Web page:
Intro to Docker Part 2: Developing a Simple Application

5 min read

In my last post, we learned some basic concepts related to Docker, and we learned a few basic operations for using Docker containers. In this post, we will develop a simple application using Docker. Along the way we will learn how to use Dockerfiles and Docker’s amazing ‘compose’ feature to link multiple containers together.

The Application

We will be building a simple clone of Reddit’s very awesome and mysterious “The Button”. The application will be written in Python using the Flask web framework, and will use Redis as it’s storage backend. If you do not know Python or Flask, fear not, the code is very readable and you are not required to understand the code to follow along with the Docker-specific sections.

Getting Started

Before we get started, we need to create a few files and directories. First, go ahead and create a Dockerfile, requirements.txt (where we will specify project-specific dependencies), and a main file.

touch Dockerfile requirements.txt

Next we will create a simple endpoint that will return “Hello World”. Go ahead and edit your file to look like such:

from flask import Flask

app = Flask(__name__)

def main():
    return 'Hello World!'

if __name__ == '__main__':'')

Now we need to tell Docker how to build a container containing all the dependencies and code needed to run the app. Edit your Dockerfile to look like such:

1 FROM python:2.7
3 RUN mkdir /code
4 WORKDIR /code
6 ADD requirements.txt /code/
7 RUN pip install -r requirements.txt
9 ADD . /code/
11 EXPOSE 5000

Before we move on, let me explain the basics of Dockerfiles.


A Dockerfile is a configuration file that specifies instructions on how to build a Docker container. I will now explain each line in the Dockerfile we just created (I will reference individual lines).

1: First, we specify the base image to use as our starting point (we discussed this in more detail in the last post). Here we are using a stock Python 2.7 image.

3: Dockerfiles can container a few ‘directives’ that dictate certain behaviors. RUN is one such directive. It does exactly what it sounds like – runs an arbitrary command. Here, were are just making a working directory.

4: We use WORKDIR to specify the main working directory.

6: ADD allows us to selectively add files to the container during the build process. Currently, we just need to add the requirements file to tell Docker while dependencies to install.

7: We use the RUN command and python’s pip package manager to install all the needed dependencies.

9: Here we add all the code in our current directory into the Docker container (add /code).

11: Finally we ‘expose’ the ports we will need to access. In this case, Flask will run on port 5000.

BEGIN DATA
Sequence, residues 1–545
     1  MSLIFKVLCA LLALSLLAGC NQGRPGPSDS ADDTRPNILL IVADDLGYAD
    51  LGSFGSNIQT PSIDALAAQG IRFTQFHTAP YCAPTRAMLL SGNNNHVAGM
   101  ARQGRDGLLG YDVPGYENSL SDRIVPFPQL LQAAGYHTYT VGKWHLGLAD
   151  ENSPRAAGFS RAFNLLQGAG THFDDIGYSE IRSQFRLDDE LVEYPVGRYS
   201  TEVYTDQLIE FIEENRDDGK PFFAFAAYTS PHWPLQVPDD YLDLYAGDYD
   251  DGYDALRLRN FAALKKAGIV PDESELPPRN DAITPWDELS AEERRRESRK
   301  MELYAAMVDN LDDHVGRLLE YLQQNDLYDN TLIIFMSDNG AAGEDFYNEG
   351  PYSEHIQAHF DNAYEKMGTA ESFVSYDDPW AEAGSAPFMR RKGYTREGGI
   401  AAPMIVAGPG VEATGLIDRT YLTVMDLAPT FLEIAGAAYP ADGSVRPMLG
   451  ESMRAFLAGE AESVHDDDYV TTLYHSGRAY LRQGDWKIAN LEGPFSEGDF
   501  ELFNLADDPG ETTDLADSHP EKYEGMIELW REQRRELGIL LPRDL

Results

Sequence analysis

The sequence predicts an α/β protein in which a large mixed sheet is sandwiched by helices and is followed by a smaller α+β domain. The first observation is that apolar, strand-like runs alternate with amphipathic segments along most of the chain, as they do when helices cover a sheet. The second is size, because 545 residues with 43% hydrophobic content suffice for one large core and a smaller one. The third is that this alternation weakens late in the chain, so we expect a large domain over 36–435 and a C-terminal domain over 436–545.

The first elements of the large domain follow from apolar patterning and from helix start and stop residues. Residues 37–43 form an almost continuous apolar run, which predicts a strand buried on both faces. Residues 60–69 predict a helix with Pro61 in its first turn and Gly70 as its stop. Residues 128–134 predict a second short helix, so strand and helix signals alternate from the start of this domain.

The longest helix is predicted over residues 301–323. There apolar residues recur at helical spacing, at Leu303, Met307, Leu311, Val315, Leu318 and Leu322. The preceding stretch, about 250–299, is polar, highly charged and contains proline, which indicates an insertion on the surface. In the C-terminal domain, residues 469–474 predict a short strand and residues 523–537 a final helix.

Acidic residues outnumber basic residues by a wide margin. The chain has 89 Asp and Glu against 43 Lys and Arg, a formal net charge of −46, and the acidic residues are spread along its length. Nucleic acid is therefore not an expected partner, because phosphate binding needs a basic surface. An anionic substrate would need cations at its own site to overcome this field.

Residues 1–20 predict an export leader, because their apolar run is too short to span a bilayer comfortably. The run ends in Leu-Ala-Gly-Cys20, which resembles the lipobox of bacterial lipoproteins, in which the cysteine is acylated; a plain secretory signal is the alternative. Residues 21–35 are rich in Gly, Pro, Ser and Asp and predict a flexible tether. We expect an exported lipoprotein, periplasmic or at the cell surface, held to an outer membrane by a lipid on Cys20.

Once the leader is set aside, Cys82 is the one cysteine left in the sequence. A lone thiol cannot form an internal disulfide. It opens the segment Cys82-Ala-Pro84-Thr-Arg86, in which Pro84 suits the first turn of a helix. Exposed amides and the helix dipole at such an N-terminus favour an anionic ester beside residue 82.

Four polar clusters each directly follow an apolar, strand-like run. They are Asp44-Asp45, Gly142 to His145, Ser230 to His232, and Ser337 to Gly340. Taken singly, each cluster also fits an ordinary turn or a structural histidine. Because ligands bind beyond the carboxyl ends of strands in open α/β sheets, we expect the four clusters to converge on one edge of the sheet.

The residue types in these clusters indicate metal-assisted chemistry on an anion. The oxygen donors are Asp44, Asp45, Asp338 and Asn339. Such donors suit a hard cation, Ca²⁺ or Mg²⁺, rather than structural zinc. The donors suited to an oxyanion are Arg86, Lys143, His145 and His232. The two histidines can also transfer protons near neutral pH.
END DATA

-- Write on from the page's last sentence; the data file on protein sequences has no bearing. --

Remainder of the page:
Building from a Dockerfile

We are almost ready to build an image from this Dockerfile, but first, let’s specify the dependencies we will need in our requirements.txt file.


I am using specific versions here to ensure that your version will work just like mine does. Once we have all these pieces in place we can build the image with the following command.

> docker build -t thebutton .

We are ‘tagging’ this image with an easy-to-remember name that we can use later. Once the build completes, we can run the container and see our message in the browser.

> docker run -p 5000:5000 thebutton python

We are doing a few things here: The -p flag tells Docker to expose port 5000 inside the container, to port 5000 outside the container (this just makes our lives easier). Next we specify the image name (thebutton) and finally the command to run inside the container – python – this will start the web server and server for our page.

We are almost ready to view our page but first, we must discover which IP the site will be on. For linux-based systems, you can use localhost but for Mac you will need to run boot2docker ip to discover the IP address to visit.

Navigate to your site (in my case it’s and you should see “Hello World” printed. Congrats! You are running your first site from inside a Docker container.

Putting it All Together

Now, we are going to complete the app, and use Docker Compose to launch the entire project for us. This will contain two containers, one running our Flask app, and another running an instance of Redis. The great thing about docker-compose is that you can specify a system to create, and how to connect all the containers. Let’s create our docker-compose.yml file now.

  image: redis:2.8.19
  build: .
  command: python
    - "5000:5000"
    - redis:redis

This file specifies the two containers (web and redis). It specifies how to build each container (we are just using the stock redis image here). The web container is a bit more involved since we first build the container using our local Dockerfile (the build: . line). Than we expose port 5000 and link the Redis container to our web container. The awesome thing about linking containers this way, is that the web container automatically gets information about the redis container. In this case, there is an /etc/host called ‘redis’ that points to our Redis container. This allows us to configure Redis easily in our application:

db = redis.StrictRedis('redis', 6379, 0)

To test this all out, you can grab the complete source here. All you will need to run is docker-compose up and than access the site the same way we did before.

Congratulations! You now have all the tools you need to use docker effectively!

About the author

Julian Gindi is a Washington DC-based software and infrastructure engineer. He currently serves as Lead Infrastructure Engineer at [iStrategylabs]( where he does everything from system administration to designing and building deployment systems. He is most passionate about Operating System design and implementation, and in his free time contributes to the Linux Kernel.


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